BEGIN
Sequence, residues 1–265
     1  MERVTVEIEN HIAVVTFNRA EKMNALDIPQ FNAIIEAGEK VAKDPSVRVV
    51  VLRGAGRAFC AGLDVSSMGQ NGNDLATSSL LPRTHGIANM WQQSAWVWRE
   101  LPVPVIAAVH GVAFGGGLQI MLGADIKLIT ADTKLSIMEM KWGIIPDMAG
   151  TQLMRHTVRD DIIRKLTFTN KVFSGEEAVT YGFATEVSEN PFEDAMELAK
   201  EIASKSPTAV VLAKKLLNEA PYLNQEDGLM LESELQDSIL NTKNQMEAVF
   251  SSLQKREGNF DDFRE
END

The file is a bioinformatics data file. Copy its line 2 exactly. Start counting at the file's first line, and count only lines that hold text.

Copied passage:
     1  MERVTVEIEN HIAVVTFNRA EKMNALDIPQ FNAIIEAGEK VAKDPSVRVV